A recent study by researchers at George Washington University has found that lead exposure during pregnancy or childhood increases the likelihood of engaging in criminal behavior as an adult. Prior research has already established a link between lead exposure and criminal behavior at the population level. However, this is the first review to examine the available data at the individual level of exposure and effects.
The study is the first systematic review to examine the links between individual lead exposure and crime or other antisocial behaviors. The researchers analyzed 17 studies from three countries that developed cohorts and used various methods to measure lead exposure and its effects at different ages, from gestation to adolescence.
“While more individual-level data needs to be collected to verify the connection of the effects of lead exposure during childhood and criminal behavior in adulthood, the evidence we found points in the direction of lead exposure being associated with biological effects in children that have long-term behavioral consequences,” says Maria Jose Talayero Schettino, the study’s lead author and a GW doctoral graduate student.
Lead exposure can cause various health problems, particularly in children. Children absorb lead at higher rates than adults, and lead exposure during pregnancy or childhood can cause irreversible damage to the nervous system, according to Talayero Schettino.
Despite the well-known risks, many countries lack adequate policies to protect people from lead exposure, including pollutants from industrial waste, recycling batteries, paints with lead content, various food sources, and household products such as children’s toys, ceramics, and cookware. Cookware is of special concern, such as pottery from Asia, aluminum cookware from Africa that may contain excess lead, and artisanal pottery from Mesoamerica that is not certified to be lead-free.
Talayero Schettino’s review found a wide range of diverse outcomes associated with lead exposure at different stages of development and later delinquent, criminal, and antisocial behavior. Populations at the lowest socioeconomic strata are at higher risk. She emphasizes that criminal behavior is a complex concept, with many additional factors involved beyond lead exposure during development.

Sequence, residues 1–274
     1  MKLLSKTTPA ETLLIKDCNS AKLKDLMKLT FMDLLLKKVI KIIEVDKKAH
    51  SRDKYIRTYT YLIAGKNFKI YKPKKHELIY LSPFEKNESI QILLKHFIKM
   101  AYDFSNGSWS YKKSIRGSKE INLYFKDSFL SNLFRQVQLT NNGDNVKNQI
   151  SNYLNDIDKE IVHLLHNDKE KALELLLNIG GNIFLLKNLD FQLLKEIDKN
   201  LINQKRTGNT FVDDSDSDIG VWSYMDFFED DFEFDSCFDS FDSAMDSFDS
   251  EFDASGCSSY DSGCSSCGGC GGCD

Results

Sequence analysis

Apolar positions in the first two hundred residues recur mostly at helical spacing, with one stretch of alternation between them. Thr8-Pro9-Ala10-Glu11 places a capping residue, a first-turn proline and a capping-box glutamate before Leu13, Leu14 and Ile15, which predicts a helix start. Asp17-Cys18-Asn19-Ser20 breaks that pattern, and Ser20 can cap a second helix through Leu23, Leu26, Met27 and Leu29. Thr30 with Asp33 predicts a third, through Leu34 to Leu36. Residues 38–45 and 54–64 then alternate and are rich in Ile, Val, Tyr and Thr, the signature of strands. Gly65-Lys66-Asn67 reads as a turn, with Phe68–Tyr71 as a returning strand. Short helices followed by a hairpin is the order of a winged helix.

A limitation researchers found was that each study used different definitions to indicate criminal, aggressive or antisocial behavior in adulthood. Another complication was the scarcity of studies with individual-level data, which left wide geographical and demographic gaps. Talayero Schettino says additional studies should include a wider range of regions and countries and utilize a common set of indicators for both exposure and outcome to measure the overall impact. Despite these limitations, Talayero Schettino says that existing data, in conjunction with the available biological evidence, point to the harmful behavioral effects of early exposure.
“There is no safe level of lead exposure for children, and countries should extend all efforts to protect children and pregnant persons from lead containments,” she says. “The evidence in the systematic review supports a strong action by governments and society to act to protect those in most vulnerable conditions.”
The article, “The Association Between Lead Exposure and Crime: A Systematic Review,” was published August 2, 2023 in the PLOS Global Public Health. In addition to Talayero Schettino, the research team was composed of doctoral graduate student Rebecca Robbins, and Emily Smith and Carlos Santos Burgoa, professors of Global Health at GW’s Milken Institute School of Public Health.